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Front Hum Neurosci. 2017 Aug 8;11:406. doi: 10.3389/fnhum.2017.00406. eCollection 2017.

Detecting and Quantifying Mind Wandering during Simulated Driving.

Author information

1
Department of Psychology, George Mason UniversityFairfax, VA, United States.
2
Department of Industrial and Systems Engineering, University of Wisconsin-MadisonMadison, WI, United States.
3
Center for Transportation, Technology and Safety Research, WestatRockville, MD, United States.
4
Office of Behavioral Safety Research, National Highway Traffic Safety Administration, U.S. Department of TransportationWashington, DC, United States.

Abstract

Mind wandering is a pervasive threat to transportation safety, potentially accounting for a substantial number of crashes and fatalities. In the current study, mind wandering was induced through completion of the same task for 5 days, consisting of a 20-min monotonous freeway-driving scenario, a cognitive depletion task, and a repetition of the 20-min driving scenario driven in the reverse direction. Participants were periodically probed with auditory tones to self-report whether they were mind wandering or focused on the driving task. Self-reported mind wandering frequency was high, and did not statistically change over days of participation. For measures of driving performance, participant labeled periods of mind wandering were associated with reduced speed and reduced lane variability, in comparison to periods of on task performance. For measures of electrophysiology, periods of mind wandering were associated with increased power in the alpha band of the electroencephalogram (EEG), as well as a reduction in the magnitude of the P3a component of the event related potential (ERP) in response to the auditory probe. Results support that mind wandering has an impact on driving performance and the associated change in driver's attentional state is detectable in underlying brain physiology. Further, results suggest that detecting the internal cognitive state of humans is possible in a continuous task such as automobile driving. Identifying periods of likely mind wandering could serve as a useful research tool for assessment of driver attention, and could potentially lead to future in-vehicle safety countermeasures.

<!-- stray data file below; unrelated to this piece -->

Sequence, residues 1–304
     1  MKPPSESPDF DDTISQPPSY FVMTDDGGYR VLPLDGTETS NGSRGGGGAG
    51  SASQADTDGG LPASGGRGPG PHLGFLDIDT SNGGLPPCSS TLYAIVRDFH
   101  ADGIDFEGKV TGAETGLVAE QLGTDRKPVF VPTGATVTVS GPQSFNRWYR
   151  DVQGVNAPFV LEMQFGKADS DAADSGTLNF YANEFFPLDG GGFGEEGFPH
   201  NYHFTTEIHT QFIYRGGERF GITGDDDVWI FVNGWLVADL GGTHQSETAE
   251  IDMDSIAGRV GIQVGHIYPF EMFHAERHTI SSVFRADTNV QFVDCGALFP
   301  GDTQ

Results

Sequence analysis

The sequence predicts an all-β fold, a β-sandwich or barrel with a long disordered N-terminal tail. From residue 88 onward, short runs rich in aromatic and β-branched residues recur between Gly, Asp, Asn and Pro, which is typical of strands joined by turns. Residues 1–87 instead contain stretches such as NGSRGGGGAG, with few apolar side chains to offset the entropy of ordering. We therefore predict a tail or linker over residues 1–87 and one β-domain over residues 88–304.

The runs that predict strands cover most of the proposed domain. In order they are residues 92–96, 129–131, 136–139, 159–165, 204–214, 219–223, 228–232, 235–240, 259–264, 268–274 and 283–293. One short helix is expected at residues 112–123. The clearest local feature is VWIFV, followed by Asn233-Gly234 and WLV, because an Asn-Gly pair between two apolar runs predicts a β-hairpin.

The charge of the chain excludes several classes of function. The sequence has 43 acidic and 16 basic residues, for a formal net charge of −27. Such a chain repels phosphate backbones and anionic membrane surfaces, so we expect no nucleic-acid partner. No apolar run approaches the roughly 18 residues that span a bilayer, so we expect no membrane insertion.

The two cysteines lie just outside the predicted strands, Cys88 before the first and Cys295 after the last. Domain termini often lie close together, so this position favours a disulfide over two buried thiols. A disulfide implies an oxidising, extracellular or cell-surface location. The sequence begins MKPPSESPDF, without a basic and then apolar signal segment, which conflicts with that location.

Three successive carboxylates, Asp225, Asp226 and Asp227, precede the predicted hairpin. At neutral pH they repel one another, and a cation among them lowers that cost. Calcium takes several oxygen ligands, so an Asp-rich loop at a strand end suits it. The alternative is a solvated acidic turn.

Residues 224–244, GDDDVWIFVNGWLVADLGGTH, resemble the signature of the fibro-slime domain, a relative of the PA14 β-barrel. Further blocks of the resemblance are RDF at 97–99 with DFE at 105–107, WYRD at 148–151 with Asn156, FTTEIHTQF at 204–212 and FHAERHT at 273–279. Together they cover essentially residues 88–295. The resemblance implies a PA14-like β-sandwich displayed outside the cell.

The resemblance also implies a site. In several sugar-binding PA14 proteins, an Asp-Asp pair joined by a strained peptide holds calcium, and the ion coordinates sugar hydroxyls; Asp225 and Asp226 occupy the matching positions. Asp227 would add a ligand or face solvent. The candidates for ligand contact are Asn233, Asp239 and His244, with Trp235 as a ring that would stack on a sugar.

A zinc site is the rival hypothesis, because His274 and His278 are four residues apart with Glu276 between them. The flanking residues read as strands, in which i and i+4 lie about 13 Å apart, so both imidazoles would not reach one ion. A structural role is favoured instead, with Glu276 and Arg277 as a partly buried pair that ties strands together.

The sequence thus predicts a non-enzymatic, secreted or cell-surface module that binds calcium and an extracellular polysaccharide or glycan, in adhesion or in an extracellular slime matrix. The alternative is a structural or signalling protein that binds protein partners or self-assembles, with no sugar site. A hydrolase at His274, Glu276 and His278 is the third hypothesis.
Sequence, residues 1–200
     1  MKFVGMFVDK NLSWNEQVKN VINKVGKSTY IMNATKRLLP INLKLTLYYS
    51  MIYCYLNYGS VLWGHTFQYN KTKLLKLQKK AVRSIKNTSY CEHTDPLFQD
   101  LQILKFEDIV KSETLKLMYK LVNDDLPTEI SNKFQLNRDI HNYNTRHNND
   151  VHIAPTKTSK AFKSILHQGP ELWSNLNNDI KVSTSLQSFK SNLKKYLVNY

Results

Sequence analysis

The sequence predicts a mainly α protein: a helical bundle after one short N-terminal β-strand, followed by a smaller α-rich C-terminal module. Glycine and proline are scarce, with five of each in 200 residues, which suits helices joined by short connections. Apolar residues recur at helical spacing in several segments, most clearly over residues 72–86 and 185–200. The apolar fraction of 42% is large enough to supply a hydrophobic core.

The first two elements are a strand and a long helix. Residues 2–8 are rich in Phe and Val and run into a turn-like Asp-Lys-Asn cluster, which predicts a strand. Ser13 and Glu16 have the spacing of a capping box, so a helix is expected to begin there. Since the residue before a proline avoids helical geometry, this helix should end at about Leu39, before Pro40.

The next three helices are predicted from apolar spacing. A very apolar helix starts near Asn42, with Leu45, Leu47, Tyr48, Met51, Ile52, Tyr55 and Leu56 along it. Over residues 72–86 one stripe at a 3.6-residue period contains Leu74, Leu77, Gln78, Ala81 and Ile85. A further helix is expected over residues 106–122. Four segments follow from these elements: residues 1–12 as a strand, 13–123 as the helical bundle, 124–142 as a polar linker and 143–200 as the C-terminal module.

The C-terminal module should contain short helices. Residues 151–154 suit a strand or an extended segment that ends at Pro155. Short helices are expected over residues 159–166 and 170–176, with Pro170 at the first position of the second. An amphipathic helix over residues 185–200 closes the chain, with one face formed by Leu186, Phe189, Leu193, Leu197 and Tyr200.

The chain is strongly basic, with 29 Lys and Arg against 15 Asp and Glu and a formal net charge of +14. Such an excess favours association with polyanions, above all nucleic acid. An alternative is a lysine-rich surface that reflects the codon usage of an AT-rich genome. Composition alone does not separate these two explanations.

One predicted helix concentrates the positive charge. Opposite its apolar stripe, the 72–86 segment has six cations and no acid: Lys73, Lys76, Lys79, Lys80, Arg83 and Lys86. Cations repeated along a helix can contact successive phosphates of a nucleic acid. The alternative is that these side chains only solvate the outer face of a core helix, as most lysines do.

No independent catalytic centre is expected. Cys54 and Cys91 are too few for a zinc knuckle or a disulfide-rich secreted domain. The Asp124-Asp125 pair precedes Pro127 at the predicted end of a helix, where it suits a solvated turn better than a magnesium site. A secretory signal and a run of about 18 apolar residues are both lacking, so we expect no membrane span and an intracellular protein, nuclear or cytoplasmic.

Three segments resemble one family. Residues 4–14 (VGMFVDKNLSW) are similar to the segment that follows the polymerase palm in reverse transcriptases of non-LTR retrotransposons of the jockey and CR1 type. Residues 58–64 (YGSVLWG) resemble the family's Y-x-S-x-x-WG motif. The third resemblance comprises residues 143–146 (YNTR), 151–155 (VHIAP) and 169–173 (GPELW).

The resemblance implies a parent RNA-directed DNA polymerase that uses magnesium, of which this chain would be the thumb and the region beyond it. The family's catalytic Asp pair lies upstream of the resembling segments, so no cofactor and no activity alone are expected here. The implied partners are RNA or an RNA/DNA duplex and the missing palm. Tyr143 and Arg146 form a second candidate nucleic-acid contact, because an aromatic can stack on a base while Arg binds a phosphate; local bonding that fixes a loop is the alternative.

KEYWORDS:

EEG; alpha; driving; inattention; mind wandering

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